The main health-promoting substances in tea are polyphenols, in particular catechins and epicatechins. Studies say these molecules have anti-inflammatory and antioxidant properties. Harvard-led studies of large groups of people over time have found that tea or coffee drinkers are at lower risk for diabetes and possibly cardiovascular disease. It remains unclear whether the tea itself is the cause of these benefits and, if so, how it works its magic. The studies attempt to rule out the possibility that tea drinkers simply live healthier lifestyles, but it’s difficult to be sure. That said, tea itself appears to have no harmful effects except for a case of the jitters if you drink too much caffeinated brew. It fits in perfectly well with a heart-healthy lifestyle.

Here are some teas with health benefits to try:

ginger teaGinger:

Ginger, a light brown root with a distinctive taste, contains high levels of Vitamin C, magnesium and other minerals. Once made into tea, you can add peppermint, honey, lemon, or peppercorn to enhance the taste of the ginger. Watch this video for a hands-on demonstration of how to make ginger tea from fresh ginger.

peppermint

Peppermint:

The menthol that is naturally present in peppermint tea is a muscle relaxant, allowing for natural stress and anxiety relief. The consumption of any warm liquid, namely tea, helps to clear sinuses and soothe sore throats. Peppermint tea in particular is a known natural decongestant.

rooibos

Rooibos:

A favorite among South Africans for years, rooibos is said by some to have 50% more antioxidants than those found in green tea. Antioxidants are the organic substances believed to scavenge “free radicals,” the toxic by-product of natural biological processes that can damage cells and lead to cancer. Rooibos is also rich in vitamin C, caffeine-free, and low in tannins, the residue in teas that can sometimes cause digestive problems, according to WebMD.

green tea

Green Tea:

Green tea has a more delicate flavor than black tea. The leaves are dried and heat-treated soon after they’re picked, which stops the fermentation process. It contains about 25 milligrams of caffeine per cup. Green tea is full of antioxidants called catechins; a subgroup known as EGCG may ward off everything from cancer to heart disease. One study found that each daily cup of green tea consumed may lower the risk of cardiovascular disease by 10 percent. In 2010, Japanese researchers reported at least one cup of green tea per day was associated with significantly decreased odds for tooth loss. Other studies have suggested tea may lower the pH of the tooth surface, suppressing the growth of periodontal bacteria. A more likely reason for tea’s anti-cariogenic effect is its fluoride content. Tea is usually brewed with fluoridated water and the tea plant naturally accumulates fluoride from the soil.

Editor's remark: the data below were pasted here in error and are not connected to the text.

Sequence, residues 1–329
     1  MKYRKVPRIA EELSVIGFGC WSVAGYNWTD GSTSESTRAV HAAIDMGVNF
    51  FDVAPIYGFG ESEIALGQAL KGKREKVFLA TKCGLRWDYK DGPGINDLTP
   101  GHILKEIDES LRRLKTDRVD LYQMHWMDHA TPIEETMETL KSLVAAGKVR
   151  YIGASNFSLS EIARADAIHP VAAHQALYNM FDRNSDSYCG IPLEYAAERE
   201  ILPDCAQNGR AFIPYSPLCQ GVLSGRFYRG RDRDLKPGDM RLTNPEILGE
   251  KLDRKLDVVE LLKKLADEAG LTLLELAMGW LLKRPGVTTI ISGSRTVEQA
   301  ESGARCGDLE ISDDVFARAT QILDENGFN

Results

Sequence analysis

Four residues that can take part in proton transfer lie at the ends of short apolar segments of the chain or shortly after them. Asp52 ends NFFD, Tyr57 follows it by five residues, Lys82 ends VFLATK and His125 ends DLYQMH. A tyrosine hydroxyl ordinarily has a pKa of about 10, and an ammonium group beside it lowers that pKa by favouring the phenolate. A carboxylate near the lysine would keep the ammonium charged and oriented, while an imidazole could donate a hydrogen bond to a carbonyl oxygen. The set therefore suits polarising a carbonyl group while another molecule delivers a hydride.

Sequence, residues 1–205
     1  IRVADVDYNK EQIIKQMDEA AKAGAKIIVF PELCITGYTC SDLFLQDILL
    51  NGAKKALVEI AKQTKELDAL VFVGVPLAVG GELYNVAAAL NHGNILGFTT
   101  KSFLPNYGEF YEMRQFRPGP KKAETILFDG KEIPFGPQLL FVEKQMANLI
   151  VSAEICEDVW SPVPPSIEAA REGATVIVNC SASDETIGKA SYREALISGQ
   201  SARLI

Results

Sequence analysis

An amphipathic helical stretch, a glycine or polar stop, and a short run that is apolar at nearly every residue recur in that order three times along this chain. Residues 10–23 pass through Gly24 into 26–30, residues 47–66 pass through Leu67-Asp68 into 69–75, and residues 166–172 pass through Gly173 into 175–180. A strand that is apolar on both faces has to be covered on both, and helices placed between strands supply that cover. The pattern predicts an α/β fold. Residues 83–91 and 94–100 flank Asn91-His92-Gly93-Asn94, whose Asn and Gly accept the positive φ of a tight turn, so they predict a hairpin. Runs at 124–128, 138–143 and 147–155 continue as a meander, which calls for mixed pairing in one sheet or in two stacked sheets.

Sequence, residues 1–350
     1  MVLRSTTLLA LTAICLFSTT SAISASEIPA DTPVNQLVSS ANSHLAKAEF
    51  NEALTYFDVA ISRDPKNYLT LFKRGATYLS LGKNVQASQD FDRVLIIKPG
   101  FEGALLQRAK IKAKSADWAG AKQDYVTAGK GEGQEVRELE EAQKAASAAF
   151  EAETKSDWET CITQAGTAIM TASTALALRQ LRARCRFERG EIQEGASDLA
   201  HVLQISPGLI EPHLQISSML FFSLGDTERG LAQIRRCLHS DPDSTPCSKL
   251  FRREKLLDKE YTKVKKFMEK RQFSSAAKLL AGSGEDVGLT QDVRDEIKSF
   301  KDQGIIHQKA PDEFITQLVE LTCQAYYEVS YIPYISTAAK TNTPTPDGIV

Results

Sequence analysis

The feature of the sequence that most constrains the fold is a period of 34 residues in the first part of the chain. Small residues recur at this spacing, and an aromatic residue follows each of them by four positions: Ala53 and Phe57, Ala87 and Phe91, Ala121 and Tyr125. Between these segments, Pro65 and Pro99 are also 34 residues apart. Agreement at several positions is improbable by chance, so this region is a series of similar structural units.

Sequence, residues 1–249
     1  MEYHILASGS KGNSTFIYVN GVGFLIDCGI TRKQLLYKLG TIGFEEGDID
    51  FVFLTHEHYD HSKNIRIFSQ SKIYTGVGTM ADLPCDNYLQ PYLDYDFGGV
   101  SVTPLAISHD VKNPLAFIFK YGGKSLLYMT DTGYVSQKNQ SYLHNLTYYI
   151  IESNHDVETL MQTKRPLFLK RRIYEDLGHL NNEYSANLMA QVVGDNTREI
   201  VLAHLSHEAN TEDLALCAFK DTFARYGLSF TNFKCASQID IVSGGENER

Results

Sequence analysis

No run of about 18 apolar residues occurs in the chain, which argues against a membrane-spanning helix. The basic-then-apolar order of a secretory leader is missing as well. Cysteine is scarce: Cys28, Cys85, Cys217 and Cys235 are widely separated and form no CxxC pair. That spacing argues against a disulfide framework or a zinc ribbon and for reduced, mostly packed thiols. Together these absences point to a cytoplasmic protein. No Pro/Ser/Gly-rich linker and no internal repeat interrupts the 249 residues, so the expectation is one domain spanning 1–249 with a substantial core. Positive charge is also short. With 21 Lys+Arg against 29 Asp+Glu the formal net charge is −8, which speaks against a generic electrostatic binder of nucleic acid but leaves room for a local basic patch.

black tea

Black Tea:

Black tea is the most common variety and accounts for about 75 percent of global tea consumption. Like many of the teas here, it’s made from the leaves of the Camellia sinensis plant, which are typically rolled and fermented, then dried and crushed. Black tea has a slightly bitter flavor and contains the most caffeine—about 40 milligrams per cup. (A cup of coffee has 50 to 100.) Flavonoids in both black and green tea prevent oxidation of LDL, or “bad” cholesterol, reduce blood clotting and improve widening of blood vessels in the heart. According to the Academy of Nutrition and Dietetics’ studies that looked at the relationship of black tea intake and heart health reported decreased incidence of heart attack, lower cholesterol levels and significantly lower blood pressure..

oolong

Oolong Tea:

Oolong is similar to black tea, but it’s fermented for a shorter time which gives it a richer taste. It contains about 30 milligrams of caffeine per cup. Oolong activates an enzyme responsible for dissolving triglycerides, the form of dietary fat that’s stored in fat cells, thus aiding in weight loss. One study showed that women who drank oolong tea burned slightly more calories over a two-hour period than those who drank only water.

yerba_mate

Yerba Mate:

Yerba mate tea is a South American beverage made by steeping the ground leaves and stems of the yerba mate plant. Yerba mate contains caffeine, as well as a number of other nutrients including antioxidants, amino acids, polyphenols, vitamins and minerals.

Great news: Yerba Mate is available at the Dining Commons! Various types of Numi Tea, a USDA Certified Organic and certified Fair Trade brand, are also available.  

Fall Spices

Fall-Spices

Ahh, it’s that time of the year again. The leaves are changing colorand there is pumpkin flavored everything at Trader Joes. But most of all, the wind is blowing and the air has a crisp chill to it that wasn’t there 4 weeks ago . . .So what better way to cozy up and stay warm than to have a delectable dish (or drink!) flavored with a Fall Spice.

Here’s a list of some fiery fall spices to keep your taste buds excited this season!